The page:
Sonoma gallery owner Jennifer Edwards, founder of The Passdoor, puts 25 years of business experience to work
Five years ago, Jennifer Edwards spent her lunch breaks in a Cheesecake Factory in Corte Madera, secretly planning her eventual escape from the corporate world.
She’d been stashing away every dollar she earned to launch a fine art gallery. Over a hamburger, salad and cappuccino, Edwards launched The Passdoor from her iPhone, negotiating her lease, researching local artists and buying unique art and home decor pieces from Europe.
“I started the business on my lunch breaks,” Edwards said. “I think it was two weeks before the gallery … was ready to open. I had given my notice and I left and just opened it up.”
Edwards, now 56, spent years working as a district manager for big retailers like The Gap, Pottery Barn and Victoria’s Secret. In the late 1990s, the Indiana native headed Pottery Barn’s seven-store district in Chicago, where she was responsible for $38 million in annual sales, expertly leading and grooming management teams and launching 25,000-square-foot flagship stores every four months.
By the time Edwards wanted to open a 400-square-foot gallery at The Barlow in 2014, she knew everything she needed to know to make it work.
The Passdoor quickly outgrew that spot, and last October Edwards relocated her gallery to a 2,000-square-foot space in Sonoma Plaza’s Mercato Shopping District.
When Edwards left her high-rise apartment on Lake Shore Drive in Chicago nearly 20 years ago, she moved to a country home on Trinity Road in the Mayacamas Mountains, east of Glen Ellen. Going back to Sonoma Valley felt “like coming home,” she said, and her business has thrived there.
Those who know Edwards say she has a unique blend of business savvy and creativity.
“Jennifer has equal skills on parallel tracks - a remarkable eye for artistic and creative talent and a business acumen that’s born of experience and instinct,” said Kristen Madsen, director of Creative Sonoma, a division of the Sonoma County Economic Development Board.
“That makes her uniquely equipped to run a business like The Passdoor gallery,” Madsen said.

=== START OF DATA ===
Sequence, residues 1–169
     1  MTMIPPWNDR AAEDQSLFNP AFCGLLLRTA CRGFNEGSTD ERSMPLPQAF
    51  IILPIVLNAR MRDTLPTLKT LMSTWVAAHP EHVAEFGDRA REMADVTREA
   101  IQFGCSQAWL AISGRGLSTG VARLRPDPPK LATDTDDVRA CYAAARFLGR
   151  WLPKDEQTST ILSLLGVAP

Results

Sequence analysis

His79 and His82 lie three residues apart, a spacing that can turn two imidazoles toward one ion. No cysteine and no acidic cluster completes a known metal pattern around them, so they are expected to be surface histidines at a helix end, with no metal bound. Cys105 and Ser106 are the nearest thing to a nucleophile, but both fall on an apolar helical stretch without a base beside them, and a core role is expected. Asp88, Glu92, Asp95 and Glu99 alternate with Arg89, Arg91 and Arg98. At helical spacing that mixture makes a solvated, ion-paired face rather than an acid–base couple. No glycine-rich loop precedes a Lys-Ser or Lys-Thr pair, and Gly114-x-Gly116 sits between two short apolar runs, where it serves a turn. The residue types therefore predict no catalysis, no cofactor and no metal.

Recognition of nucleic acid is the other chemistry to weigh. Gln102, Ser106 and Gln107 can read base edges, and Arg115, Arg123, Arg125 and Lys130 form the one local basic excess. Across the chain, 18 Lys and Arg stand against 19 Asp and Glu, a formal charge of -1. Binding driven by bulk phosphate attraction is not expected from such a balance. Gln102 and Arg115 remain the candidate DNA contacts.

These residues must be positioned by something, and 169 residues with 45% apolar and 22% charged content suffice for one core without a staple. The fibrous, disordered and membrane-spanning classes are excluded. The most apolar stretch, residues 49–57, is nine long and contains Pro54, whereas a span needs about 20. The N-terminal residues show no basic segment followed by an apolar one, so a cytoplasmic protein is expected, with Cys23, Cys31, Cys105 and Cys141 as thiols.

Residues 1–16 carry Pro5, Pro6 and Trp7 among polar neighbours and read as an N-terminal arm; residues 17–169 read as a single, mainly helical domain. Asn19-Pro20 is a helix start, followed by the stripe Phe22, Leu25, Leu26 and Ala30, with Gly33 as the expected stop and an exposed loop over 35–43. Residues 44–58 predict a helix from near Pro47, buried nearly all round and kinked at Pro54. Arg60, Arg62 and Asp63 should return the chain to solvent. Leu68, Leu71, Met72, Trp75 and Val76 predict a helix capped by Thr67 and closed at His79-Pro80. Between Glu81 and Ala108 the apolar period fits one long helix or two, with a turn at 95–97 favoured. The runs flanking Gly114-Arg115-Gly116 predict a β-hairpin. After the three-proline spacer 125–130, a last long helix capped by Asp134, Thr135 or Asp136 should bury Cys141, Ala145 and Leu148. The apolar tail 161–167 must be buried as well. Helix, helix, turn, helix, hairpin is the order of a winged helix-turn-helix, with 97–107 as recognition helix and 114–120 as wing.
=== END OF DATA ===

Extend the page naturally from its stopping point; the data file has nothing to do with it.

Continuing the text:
Edwards has home decor and design in her blood. She got her first exposure to home decor and furnishing through her mother, who owned a furniture store in Evansville, Indiana.
By the age of 19, she had become a store manager of a national retailer. That led to a long career as a district manager for major retail businesses across the country.
Her experience gave Edwards the knowledge she needed to run a business, from keeping a close eye on the bottom line and controlling expenses to producing accurate profit and loss statements.
“Running a business, especially multi-store businesses, you’ve got to have a very sharp business acumen, you’ve got to be able to run numbers, you’ve got to be able to understand the bottom line and profit and loss statements,” Edwards said.
But she said the most rewarding experience during her 26 years in business management was putting together and training management teams, helping young sales associates become store managers in just a few years.
“That’s what always kept me motivated, was developing the talent and the teams,” she said.
Edwards left her job at Pottery Barn in Chicago and moved to Glen Ellen, in part to “slow down” and focus on her personal life. She said she was in her late 30s, didn’t have kids and wasn’t married. “It was like, ‘Whoa, wait a minute, something is missing,’?” she said.
She went on to work as a district manager for The Gap and later Smith & Hawken. Commuting several hours a day to the Bay Area from her home on Trinity Road, Edwards began taking stock of her life.
“It was just such a burnout, living in the country and commuting in the Bay Area. I said, ‘This has to stop,’?” she recalled. “I could never do it again.”
After she quit the corporate world, Edwards spent four months on a “little personal project” where she limited herself to buying and doing things within a 10-mile radius of where she lived.
“That’s when I really started to get to know our little community,” she said. “I didn’t even know anybody in Sonoma, because every morning I would get up and drive to the city or drive all over and come back home and get up and do it again.”
When she first opened The Passdoor gallery at The Barlow, the business was centered around original iconic design, pieces created between 1930 and the 1980s and still under production.
The gallery’s name is derived from the architectural term “pass door,” which refers to a small door set into a larger door, such as industrial metal roll-up doors or some garage doors. Edwards described The Passdoor as a “small entrance into the vast world of creative art and design.”